State Counsellor stresses peace efforts, pledges nationwide electrification

U Ye Sein (truck owner)
U Ye Sein (truck owner)
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State Counsellor Daw Aung San Suu Kyi talks to the elderly at a peace talk in Myay Taing Kan Village, Wundwin Township, Mandalay Region, 7 August 2017. Photo: mna

State Counsellor Daw Aung San Suu Kyi told villagers in central Myanmar yesterday that peace and power supply efforts must be priorities of the country.
At a peace talk with the villagers of  Myay Taing  Kan Village, Wundwin Township, Mandalay Region, she said “I came here to talk about peace and power supply.”
“The reason I chose this village is because this village just recently got electricity and I wanted to know how it has affected the people here since it is a high priority that the entire nation receives adequate electricity. Equally important is peace,” she added.
“Because of the conflicts between ethnic races in the past there is no trust or compassion with each other and there is no peace yet,” she said.
“If there is no peace in the country then it doesn’t matter if we are doing well in other areas, we cannot say that the country is doing well. I want to discuss this in these areas where there is no evident peace.
I want to know what kind of thoughts, if any, a village like this has on peace especially a village far away from conflict areas. Have you ever considered it?” said the State Counsellor.
“I understand that this village was linked with electricity in March this year, so it has been four months now. Has there been any significant changes with your village, with your family or individually? I want to know the differences in situation before and after you got electricity,” she said.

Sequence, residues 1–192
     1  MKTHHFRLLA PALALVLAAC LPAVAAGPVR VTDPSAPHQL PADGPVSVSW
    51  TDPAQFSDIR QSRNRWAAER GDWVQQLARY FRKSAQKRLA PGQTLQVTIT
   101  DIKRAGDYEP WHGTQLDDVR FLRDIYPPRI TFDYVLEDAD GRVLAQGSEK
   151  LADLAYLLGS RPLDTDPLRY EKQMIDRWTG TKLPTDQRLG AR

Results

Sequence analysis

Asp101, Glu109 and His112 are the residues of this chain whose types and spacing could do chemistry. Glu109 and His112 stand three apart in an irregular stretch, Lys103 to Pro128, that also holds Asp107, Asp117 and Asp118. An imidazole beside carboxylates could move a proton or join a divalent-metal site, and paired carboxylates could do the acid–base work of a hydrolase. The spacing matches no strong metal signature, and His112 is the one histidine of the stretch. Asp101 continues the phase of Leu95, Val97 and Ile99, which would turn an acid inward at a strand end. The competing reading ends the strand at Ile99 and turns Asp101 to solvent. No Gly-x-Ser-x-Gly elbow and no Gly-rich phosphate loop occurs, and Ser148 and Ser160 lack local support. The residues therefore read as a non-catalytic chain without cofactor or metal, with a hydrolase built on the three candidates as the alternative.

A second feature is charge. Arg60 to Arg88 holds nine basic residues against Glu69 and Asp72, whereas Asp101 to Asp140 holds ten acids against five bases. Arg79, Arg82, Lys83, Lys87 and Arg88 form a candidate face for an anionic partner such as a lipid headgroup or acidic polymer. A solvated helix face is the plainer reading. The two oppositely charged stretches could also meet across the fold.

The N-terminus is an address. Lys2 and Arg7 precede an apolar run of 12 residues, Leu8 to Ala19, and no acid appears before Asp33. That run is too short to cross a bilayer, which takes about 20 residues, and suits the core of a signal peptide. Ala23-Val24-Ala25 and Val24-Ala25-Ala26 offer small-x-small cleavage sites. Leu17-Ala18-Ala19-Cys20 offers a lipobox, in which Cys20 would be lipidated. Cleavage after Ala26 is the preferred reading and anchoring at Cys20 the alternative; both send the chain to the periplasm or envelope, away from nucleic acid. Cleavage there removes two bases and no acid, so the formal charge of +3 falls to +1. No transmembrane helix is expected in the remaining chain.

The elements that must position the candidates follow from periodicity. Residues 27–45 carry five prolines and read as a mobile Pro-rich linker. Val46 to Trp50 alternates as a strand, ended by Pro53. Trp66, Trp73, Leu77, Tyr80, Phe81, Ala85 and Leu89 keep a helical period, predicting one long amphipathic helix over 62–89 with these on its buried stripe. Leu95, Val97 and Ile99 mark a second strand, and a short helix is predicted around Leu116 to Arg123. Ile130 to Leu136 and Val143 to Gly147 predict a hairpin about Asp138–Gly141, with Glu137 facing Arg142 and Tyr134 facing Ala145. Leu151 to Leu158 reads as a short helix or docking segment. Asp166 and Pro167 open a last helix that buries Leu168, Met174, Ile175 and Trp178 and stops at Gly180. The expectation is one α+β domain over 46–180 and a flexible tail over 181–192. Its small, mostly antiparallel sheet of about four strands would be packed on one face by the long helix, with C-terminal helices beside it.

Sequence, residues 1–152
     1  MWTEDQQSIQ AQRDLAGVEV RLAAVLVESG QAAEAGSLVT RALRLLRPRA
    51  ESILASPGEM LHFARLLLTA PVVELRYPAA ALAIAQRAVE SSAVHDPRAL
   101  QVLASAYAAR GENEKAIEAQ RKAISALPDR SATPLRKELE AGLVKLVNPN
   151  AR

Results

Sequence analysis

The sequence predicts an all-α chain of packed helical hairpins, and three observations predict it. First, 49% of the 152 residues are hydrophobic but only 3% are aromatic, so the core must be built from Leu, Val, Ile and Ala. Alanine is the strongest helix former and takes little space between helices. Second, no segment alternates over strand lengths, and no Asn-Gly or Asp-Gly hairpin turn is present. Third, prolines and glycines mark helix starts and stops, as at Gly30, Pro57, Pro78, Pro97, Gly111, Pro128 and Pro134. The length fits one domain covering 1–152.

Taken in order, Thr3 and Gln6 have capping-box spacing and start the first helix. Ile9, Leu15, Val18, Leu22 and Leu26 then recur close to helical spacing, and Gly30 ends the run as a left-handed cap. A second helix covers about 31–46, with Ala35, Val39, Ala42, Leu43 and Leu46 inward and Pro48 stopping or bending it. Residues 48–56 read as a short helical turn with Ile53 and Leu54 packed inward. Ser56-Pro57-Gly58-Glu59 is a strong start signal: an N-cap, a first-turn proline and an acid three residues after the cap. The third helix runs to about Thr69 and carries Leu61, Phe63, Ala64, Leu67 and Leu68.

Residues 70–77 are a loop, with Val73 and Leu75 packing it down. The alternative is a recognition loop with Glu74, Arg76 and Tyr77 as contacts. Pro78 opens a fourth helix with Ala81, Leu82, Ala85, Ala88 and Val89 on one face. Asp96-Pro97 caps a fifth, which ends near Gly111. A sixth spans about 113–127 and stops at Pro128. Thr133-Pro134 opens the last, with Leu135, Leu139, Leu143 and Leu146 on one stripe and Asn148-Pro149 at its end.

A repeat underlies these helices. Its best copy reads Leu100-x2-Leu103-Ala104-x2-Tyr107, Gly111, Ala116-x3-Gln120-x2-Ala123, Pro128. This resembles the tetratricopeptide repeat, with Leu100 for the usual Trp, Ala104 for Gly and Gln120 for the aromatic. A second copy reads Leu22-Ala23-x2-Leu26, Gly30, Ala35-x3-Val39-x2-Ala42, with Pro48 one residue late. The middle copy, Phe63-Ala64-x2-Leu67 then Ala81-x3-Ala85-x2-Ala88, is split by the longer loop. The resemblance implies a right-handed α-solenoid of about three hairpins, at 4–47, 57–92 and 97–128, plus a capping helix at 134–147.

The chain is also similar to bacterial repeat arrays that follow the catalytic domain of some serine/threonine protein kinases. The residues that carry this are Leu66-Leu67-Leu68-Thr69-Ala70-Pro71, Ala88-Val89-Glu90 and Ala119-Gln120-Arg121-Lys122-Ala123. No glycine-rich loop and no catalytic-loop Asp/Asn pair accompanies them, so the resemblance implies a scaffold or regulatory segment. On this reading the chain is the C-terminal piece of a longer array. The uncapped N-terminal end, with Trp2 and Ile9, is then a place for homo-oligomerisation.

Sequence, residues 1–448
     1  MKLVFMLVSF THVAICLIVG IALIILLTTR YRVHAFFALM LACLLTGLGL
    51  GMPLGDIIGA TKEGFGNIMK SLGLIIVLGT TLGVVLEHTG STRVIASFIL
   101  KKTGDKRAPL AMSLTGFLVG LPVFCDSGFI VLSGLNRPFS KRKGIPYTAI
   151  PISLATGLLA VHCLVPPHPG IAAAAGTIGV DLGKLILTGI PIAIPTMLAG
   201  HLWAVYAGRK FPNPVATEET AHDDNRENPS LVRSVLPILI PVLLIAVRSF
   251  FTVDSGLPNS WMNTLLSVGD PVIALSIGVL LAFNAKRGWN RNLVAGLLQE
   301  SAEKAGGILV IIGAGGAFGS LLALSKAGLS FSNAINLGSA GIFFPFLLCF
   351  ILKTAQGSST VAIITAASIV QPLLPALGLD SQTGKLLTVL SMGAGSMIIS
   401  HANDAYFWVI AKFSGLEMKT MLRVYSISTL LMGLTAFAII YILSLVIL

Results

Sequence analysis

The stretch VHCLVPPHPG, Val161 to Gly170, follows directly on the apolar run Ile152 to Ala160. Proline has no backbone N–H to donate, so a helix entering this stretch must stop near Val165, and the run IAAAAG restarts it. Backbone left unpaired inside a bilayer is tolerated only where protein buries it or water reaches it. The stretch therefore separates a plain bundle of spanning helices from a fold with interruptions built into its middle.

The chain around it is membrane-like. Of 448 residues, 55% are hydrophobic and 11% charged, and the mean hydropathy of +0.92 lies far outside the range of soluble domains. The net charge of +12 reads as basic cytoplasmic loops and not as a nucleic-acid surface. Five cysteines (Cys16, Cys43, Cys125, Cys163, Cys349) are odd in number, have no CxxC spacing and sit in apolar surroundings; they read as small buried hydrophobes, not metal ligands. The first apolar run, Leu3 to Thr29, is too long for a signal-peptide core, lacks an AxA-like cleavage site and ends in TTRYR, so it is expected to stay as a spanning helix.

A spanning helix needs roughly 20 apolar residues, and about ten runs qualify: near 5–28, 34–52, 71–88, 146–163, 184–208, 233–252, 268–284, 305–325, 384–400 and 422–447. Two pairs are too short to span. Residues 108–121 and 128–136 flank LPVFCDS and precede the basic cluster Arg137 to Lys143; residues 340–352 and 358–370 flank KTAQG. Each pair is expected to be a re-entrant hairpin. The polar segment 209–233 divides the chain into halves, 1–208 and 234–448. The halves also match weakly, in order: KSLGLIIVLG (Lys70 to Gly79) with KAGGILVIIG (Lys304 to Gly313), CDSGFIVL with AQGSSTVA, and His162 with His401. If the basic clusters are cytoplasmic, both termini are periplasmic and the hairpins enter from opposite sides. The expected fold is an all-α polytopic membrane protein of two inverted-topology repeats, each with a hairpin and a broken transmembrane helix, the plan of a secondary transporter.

She told the villagers that electricity is as crucial as peace, expressing the goal of the government to supply power to  the entire country by 2030.
Currently, only 38.5 per cent of the country has got access to electricity.
“There’s 13 years to go to achieve our goal. But, we will try to make it faster as we go along,” she said.
“We cannot neglect the problems of a small village as insignificant because by considering the problems of a small village we can find similar possible solutions to the problems of the entire nation,” she added.
“I was informed of an interesting fact about this village on my way here. Apparently the young people don’t leave this village to find job opportunities somewhere else. This may seem normal here but many villages across the country have no young people in them anymore. Many of them say they leave their villages to find better business opportunities but it hurts the economy of their village. Also from a social standpoint it hurts their family and by leaving their village,” she said.
Afterwards, eight local residents discussed about peace process, building trust, building unity from diversity, education, health, electricity, agriculture, infrastructure, job opportunities and small and medium industrial business developments.

U Tun Win (teacher)
Dear Madam,
First of all, let me present the educational situation of our village, “Myay Taing Kan.” Our post-primary school of the village run by 6 teaching staff has 69 students in total from KG to 5th standard. It has two school buildings. No 1 building built in 1953 was renovated, thus it was in a dilapidated condition. For it, the budget for its renovation of the building in a critical condition was demanded to be granted in the academic years—2015-2016 and 2016-2017. Yet, the grant was not allowed until now.”
He added, “Because of the acquisition of electricity in our village, villagers have had an access to run light industries such as weaving machines and its related works. Previously, they had to work for other businessmen in Wundwin Township as daily wagers and laborers. Now that they can work at the village, they can make more money. With the better economy, children’s education will develop for sure.”

Daw Khin Swe ( shop keeper)
I want my daughter to be an educated person, but she did not fulfill my wish. I intend to have her taught how to sew. Regarding Peace, I know nothing.

U Ye Sein (truck owner)